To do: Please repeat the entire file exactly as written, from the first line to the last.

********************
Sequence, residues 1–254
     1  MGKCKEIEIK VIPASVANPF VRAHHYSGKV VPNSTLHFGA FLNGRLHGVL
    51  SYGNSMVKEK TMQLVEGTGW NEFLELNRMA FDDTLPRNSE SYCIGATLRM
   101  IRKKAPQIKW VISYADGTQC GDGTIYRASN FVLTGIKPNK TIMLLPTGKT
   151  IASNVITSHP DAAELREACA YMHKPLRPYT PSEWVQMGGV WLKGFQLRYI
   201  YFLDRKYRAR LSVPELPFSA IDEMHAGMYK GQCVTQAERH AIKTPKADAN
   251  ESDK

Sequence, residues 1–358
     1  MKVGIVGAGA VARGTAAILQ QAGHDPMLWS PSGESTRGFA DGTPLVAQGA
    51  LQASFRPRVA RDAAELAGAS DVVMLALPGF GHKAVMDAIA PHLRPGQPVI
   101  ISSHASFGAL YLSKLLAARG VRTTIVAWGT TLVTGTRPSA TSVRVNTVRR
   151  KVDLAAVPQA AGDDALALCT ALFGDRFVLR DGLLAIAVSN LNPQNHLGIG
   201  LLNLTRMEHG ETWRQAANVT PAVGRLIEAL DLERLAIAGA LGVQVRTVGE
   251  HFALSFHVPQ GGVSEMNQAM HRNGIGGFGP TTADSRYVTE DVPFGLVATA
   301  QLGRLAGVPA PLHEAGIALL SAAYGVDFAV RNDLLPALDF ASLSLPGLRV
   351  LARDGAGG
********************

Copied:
Sequence, residues 1–254
     1  MGKCKEIEIK VIPASVANPF VRAHHYSGKV VPNSTLHFGA FLNGRLHGVL
    51  SYGNSMVKEK TMQLVEGTGW NEFLELNRMA FDDTLPRNSE SYCIGATLRM
   101  IRKKAPQIKW VISYADGTQC GDGTIYRASN FVLTGIKPNK TIMLLPTGKT
   151  IASNVITSHP DAAELREACA YMHKPLRPYT PSEWVQMGGV WLKGFQLRYI
   201  YFLDRKYRAR LSVPELPFSA IDEMHAGMYK GQCVTQAERH AIKTPKADAN
   251  ESDK

Sequence, residues 1–358
     1  MKVGIVGAGA VARGTAAILQ QAGHDPMLWS PSGESTRGFA DGTPLVAQGA
    51  LQASFRPRVA RDAAELAGAS DVVMLALPGF GHKAVMDAIA PHLRPGQPVI
   101  ISSHASFGAL YLSKLLAARG VRTTIVAWGT TLVTGTRPSA TSVRVNTVRR
   151  KVDLAAVPQA AGDDALALCT ALFGDRFVLR DGLLAIAVSN LNPQNHLGIG
   201  LLNLTRMEHG ETWRQAANVT PAVGRLIEAL DLERLAIAGA LGVQVRTVGE
   251  HFALSFHVPQ GGVSEMNQAM HRNGIGGFGP TTADSRYVTE DVPFGLVATA
   301  QLGRLAGVPA PLHEAGIALL SAAYGVDFAV RNDLLPALDF ASLSLPGLRV
   351  LARDGAGG